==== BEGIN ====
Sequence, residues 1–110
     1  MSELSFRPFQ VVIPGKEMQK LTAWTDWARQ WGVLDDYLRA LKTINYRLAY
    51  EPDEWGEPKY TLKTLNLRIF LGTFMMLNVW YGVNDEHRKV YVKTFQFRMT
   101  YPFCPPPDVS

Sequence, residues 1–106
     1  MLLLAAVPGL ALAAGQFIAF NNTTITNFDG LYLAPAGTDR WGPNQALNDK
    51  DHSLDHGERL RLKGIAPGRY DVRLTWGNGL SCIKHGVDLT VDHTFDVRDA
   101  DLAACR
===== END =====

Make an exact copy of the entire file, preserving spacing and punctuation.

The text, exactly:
Sequence, residues 1–110
     1  MSELSFRPFQ VVIPGKEMQK LTAWTDWARQ WGVLDDYLRA LKTINYRLAY
    51  EPDEWGEPKY TLKTLNLRIF LGTFMMLNVW YGVNDEHRKV YVKTFQFRMT
   101  YPFCPPPDVS

Sequence, residues 1–106
     1  MLLLAAVPGL ALAAGQFIAF NNTTITNFDG LYLAPAGTDR WGPNQALNDK
    51  DHSLDHGERL RLKGIAPGRY DVRLTWGNGL SCIKHGVDLT VDHTFDVRDA
   101  DLAACR